AUSTIN, Texas (AP) - After pledging in his campaign to fight for open carry of handguns in Texas, Republican Lt. Gov. Dan Patrick now says it’s not a priority and doesn’t have the votes to pass.
The issue seemed to be gaining strong momentum for the 2015 session with support from Gov. Greg Abbott, Patrick and other top Republicans who swept into office in November. But Patrick doused the hopes of gun rights advocates with his remarks Tuesday at a forum hosted by the Texas Tribune.
Patrick, who has supported expanding gun rights in previous votes as a state senator, said “open carry doesn’t reach the level” of the Republican-dominated chamber’s other priorities, such as the state budget and public education.
Texas hasn’t allowed open carry of handguns since immediately after the Civil War. Several bills had been filed this session to allow open carry, ranging from requiring a license to letting anyone carry a handgun in public, also known as “constitutional carry.” While most have been filed in the House, at least two have been filed in the Senate.
Patrick’s campaign website, which is still online, notes he will “fight for open carry.”
But now that he occupies one of the most powerful offices in the state, Patrick walked back from that promise Tuesday.
“I don’t think there’s support in the Legislature to pass it,” Patrick said. “I haven’t had anyone bring it up to me.”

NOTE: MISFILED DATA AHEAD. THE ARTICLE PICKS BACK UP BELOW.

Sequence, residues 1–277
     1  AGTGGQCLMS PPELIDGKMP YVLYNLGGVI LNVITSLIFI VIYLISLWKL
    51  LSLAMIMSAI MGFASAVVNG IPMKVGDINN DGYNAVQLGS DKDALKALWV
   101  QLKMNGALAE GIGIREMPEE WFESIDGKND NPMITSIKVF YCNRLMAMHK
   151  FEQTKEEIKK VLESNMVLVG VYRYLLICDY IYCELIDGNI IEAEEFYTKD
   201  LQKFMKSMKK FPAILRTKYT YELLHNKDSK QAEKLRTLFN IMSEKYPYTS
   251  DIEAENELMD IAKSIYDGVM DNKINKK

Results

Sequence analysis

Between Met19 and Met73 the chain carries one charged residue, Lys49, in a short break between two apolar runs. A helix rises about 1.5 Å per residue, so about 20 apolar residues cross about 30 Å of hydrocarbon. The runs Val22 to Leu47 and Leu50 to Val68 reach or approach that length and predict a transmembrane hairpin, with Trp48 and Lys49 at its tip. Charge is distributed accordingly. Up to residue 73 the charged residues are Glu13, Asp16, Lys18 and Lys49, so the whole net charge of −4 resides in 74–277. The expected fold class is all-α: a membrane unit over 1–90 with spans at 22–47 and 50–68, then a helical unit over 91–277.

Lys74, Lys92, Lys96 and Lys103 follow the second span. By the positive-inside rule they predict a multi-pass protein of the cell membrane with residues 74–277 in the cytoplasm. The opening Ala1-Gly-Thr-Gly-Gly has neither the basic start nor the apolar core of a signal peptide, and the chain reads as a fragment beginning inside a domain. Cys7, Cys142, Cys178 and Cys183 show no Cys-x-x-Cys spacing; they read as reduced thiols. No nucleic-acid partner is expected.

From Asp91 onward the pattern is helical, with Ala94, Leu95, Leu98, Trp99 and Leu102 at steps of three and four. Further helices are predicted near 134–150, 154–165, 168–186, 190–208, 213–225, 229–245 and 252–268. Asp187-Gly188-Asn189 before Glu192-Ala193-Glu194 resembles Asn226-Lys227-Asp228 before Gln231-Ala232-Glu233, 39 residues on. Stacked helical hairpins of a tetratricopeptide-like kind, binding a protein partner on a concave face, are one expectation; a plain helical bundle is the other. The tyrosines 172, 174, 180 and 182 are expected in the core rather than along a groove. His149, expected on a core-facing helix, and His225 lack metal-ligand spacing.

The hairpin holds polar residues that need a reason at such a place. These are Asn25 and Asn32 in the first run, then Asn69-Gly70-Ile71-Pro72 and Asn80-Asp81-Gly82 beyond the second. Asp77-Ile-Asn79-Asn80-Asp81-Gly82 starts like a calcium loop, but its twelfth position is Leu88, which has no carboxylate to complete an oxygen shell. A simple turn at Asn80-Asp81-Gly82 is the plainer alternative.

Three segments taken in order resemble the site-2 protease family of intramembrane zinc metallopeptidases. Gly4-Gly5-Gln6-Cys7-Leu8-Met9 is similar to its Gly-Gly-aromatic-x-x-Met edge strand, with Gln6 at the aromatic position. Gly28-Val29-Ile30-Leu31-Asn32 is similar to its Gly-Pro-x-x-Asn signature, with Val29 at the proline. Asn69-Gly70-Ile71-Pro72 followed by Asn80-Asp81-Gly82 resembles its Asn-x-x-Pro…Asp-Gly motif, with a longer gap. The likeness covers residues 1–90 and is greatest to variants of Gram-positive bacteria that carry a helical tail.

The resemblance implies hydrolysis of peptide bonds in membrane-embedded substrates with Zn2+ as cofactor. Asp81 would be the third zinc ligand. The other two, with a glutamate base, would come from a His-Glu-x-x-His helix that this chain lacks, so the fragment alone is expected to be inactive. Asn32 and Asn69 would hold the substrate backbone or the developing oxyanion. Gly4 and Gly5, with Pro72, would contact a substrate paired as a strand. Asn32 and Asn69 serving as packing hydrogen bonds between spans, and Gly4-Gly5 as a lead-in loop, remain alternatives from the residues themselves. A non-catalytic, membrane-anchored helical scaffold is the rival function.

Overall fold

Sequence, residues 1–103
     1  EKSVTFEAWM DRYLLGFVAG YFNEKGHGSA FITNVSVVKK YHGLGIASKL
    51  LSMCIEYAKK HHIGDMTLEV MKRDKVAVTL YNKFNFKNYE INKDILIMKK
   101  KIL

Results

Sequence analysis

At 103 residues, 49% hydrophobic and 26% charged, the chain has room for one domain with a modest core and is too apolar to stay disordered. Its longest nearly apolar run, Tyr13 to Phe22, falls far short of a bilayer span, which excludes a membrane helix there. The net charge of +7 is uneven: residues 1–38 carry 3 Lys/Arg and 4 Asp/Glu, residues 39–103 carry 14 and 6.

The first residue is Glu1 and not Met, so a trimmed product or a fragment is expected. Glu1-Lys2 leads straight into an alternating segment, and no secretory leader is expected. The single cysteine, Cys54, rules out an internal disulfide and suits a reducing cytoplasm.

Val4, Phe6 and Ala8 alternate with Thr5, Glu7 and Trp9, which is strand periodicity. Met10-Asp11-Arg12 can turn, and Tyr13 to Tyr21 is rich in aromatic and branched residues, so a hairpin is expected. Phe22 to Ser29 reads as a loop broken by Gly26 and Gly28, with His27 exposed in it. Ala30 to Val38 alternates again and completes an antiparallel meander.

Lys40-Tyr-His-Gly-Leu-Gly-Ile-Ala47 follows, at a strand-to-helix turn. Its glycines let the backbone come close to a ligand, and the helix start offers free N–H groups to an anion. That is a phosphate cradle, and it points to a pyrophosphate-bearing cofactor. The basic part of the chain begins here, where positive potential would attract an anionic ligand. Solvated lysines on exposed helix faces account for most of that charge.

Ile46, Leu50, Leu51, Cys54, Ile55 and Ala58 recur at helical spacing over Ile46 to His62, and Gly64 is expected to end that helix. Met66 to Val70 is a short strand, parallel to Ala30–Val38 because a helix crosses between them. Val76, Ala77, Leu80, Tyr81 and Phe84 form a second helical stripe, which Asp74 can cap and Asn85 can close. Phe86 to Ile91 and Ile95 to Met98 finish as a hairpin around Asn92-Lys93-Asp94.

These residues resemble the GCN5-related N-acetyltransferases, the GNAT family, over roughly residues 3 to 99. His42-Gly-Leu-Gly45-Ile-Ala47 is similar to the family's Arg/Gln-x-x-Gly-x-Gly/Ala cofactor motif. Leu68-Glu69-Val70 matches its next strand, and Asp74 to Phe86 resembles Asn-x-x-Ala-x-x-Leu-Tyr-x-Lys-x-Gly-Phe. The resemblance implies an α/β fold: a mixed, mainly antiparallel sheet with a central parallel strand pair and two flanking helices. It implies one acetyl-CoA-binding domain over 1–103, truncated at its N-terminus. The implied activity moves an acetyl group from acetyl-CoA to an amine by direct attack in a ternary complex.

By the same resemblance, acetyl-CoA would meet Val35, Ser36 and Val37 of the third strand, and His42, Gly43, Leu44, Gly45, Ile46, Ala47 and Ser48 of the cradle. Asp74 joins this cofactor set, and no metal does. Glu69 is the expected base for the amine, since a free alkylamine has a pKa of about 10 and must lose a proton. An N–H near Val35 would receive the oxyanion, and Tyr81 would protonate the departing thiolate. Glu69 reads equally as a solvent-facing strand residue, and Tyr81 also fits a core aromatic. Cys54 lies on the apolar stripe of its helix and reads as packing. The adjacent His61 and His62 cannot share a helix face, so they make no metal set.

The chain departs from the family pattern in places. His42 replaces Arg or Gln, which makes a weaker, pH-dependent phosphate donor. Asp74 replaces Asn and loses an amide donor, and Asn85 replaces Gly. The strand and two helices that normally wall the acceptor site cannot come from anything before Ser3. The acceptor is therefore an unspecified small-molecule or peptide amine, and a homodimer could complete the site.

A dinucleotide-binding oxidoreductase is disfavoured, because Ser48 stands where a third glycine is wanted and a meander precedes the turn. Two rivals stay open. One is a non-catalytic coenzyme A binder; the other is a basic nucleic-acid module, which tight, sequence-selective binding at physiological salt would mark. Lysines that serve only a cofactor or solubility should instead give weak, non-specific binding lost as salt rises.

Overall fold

Patrick’s comments came a day after a small rally by open carry advocates at the Capitol, the second in as many weeks.
“I’m pretty disappointed in Dan Patrick,” said C.J. Grisham, president of Open Carry Texas and founder of Monday’s rally. “It’s lack of leadership from a guy who says he supports gun rights but won’t try to rally his own troops. If we don’t have the votes, prove it. Let’s hold them accountable.”
Patrick later posted a statement on his Facebook page that said he’ll let the Senate vote on an open carry bill if it has enough support. But it didn’t address his comment about the issue not being a priority.
One gun issue that does have broad support in the Senate is a measure to allow concealed handgun license holders to carry their weapons into college buildings and classrooms. The issue sparked fierce debate in previous sessions but never became law.
The new campus carry bill has 19 co-sponsors, precisely the number needed under Senate rules to bring a bill up for a vote. The House would still need to take up the measure.
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